I use scale-dependent symbols for mapping (rendering Openstreetmap vectors as it happens). For instance paths show up when zoomed closer than 1:50000, but only roads show when zoomed out.

The rules for rendering are defined to make mapping usable on a monitor screen.

When printing my needs are different - the paper is bigger than the screen so it doesn't follow that the same rules should be used to define the rendering.

In another application I use it is possible to instruct the print layout to render the map using the rules normal for a particular scale even though actually physically printing at a different scale. For example I may want to render the map using the rules normal for a 1:50000 map, but because I want to squeeze the map onto a smaller piece of paper I need to actually print it to be actually at 1:100,000.

At the moment every time I change map extent or scale everything remains connected (changing map extent changes scale changes rendering style etc etc)... so the only option I see is to re-write the complex qml files I use to define rendering styles, so that I have one set of styles for printing and one for on-screen use. Am I missing something? This will be an extremely inefficient way to work.


Here's an approach which should work. In your rules you are creating for your rule based rendering you can put a secondary criteria which matches whether the map is being rendered in a composition or to the main map canvas - this is done using the '$map' variable. $map will be 'canvas' for the main window, or a map item's id if it's being rendered in a composition.

So, in the image below I've set up orange scaled dependent lines for the map canvas and purple scale dependent lines for composer maps:

enter image description here

  • Thank you. That seems to work - although as I noted in other comments I'm still wondering about simpler work-arounds. My filter conditions each end up duplicated - one with "AND $map = 'canvas'" and one with "AND $map != 'canvas'" added to them. I think I hit some issues with the exact position of the rules in the QML file (I find it easier to maintain the styles with a text editor). I think that putting the "!=canvas" rule immediately after the "=canvas" rule meant that rules further down the QML file didn't get rendered at all. Putting the !=canvas rule at the end seems to work. – Rostranimin May 9 '14 at 14:48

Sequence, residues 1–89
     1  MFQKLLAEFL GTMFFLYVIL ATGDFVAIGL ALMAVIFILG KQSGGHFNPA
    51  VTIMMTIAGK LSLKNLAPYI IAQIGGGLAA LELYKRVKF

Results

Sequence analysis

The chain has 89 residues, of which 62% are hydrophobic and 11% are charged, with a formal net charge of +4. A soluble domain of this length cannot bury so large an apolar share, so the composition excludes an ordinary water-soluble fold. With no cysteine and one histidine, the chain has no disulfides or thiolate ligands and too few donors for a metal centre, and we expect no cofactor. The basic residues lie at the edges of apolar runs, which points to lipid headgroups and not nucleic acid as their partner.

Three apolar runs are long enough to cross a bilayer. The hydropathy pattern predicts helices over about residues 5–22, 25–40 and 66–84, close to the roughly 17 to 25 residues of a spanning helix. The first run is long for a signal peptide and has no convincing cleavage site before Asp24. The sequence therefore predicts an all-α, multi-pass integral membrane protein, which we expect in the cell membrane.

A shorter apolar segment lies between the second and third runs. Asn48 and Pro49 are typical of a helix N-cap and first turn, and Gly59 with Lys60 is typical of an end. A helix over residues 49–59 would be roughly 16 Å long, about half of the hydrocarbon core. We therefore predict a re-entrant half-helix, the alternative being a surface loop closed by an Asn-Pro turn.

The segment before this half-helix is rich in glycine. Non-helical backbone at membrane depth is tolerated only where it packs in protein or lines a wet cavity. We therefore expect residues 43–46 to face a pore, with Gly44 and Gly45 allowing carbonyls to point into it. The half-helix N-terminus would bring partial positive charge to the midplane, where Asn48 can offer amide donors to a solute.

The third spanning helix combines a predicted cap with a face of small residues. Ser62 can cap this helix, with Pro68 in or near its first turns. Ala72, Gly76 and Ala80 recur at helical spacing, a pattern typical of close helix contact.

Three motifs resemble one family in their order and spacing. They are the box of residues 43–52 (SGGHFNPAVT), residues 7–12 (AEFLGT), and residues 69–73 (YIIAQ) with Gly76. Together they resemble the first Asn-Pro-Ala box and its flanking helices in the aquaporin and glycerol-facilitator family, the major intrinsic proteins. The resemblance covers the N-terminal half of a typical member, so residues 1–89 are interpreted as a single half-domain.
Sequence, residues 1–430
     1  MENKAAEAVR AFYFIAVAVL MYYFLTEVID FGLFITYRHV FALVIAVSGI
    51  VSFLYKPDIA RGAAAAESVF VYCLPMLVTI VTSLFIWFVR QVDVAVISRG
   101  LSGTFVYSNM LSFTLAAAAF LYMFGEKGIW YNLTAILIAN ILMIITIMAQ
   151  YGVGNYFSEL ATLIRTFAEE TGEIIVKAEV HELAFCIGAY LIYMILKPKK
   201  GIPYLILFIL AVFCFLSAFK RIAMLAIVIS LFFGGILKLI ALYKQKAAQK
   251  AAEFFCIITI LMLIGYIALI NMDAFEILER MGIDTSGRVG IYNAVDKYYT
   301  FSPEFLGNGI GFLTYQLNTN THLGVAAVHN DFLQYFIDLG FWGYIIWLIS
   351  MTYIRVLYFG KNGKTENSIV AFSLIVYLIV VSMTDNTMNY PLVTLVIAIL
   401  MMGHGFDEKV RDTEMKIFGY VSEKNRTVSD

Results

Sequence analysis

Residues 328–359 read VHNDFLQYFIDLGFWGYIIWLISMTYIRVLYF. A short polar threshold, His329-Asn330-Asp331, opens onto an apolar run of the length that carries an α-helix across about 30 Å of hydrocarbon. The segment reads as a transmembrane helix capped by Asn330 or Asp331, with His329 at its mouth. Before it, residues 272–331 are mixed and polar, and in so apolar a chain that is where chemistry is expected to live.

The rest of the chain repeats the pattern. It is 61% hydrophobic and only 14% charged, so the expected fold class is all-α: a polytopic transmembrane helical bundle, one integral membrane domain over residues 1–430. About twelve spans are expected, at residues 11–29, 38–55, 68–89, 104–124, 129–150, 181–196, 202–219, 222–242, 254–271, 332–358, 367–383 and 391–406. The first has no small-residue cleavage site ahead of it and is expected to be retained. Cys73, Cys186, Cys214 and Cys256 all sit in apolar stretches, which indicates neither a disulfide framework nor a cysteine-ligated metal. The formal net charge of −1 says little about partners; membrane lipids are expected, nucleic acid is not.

• After playing with this solution for some time I've hit a parallel issue which is worth noting here... if using tiles as a basemap (e.g. from a WMS service or using the Openlayers plugin) there seems no simple way to define what zoom level of tile Composer uses. Composer's resolution setting does change the zoom level... but of course also changes the resolution of the resulting output... so I can have zoomed out tiles only at a rubbish resolution. – Rostranimin May 26 '14 at 19:28

Given what you said, I'll assume you set rule-based rendering, using the zoom as a criterion. Just use two rules for each layer - one to set styles on how you want them on 'normal working scale' for viewing (say anything below 1:100000), and another for a the zoom range in which you build your print maps.

View in the styling tab

In print composer, then insert a map, manually set zoom level to the 1:100,000 you want, and set the dropdown box at the top to 'render' rather then cache. Granted, you'll have to adjust the rendering rules a bit, which is a bit of work initially, but that would be the case in any application.

Print composer settings

Due to you forcing the print composer to fully re-render the image, on a scale level you set for the print, you should force the rendering rules to be enforced for the different scale then your normal 'viewing' in QGis would do.

  • Thank you. Yes I'm using zoom dependent rule-based rendering. I need more information to make complete sense of your answer. It doesn't help that I'm struggling to make sense of the 'render' and 'cache' options. I'm still not clear how to use the two sets of rules. Do you mean to load rules specifically in composer? I did also wonder if there was an easy way to create a layout at whatever size is required to get the correct rendering, but then to magnify/shrink it to print it to fit the paper available. – Rostranimin May 6 '14 at 13:24
  • Added images and a bit of explanation, hope that helps you figure it out. I just kept it simple here - but that naturally applies for combination of layer styles too. – Tim Couwelier May 6 '14 at 13:44

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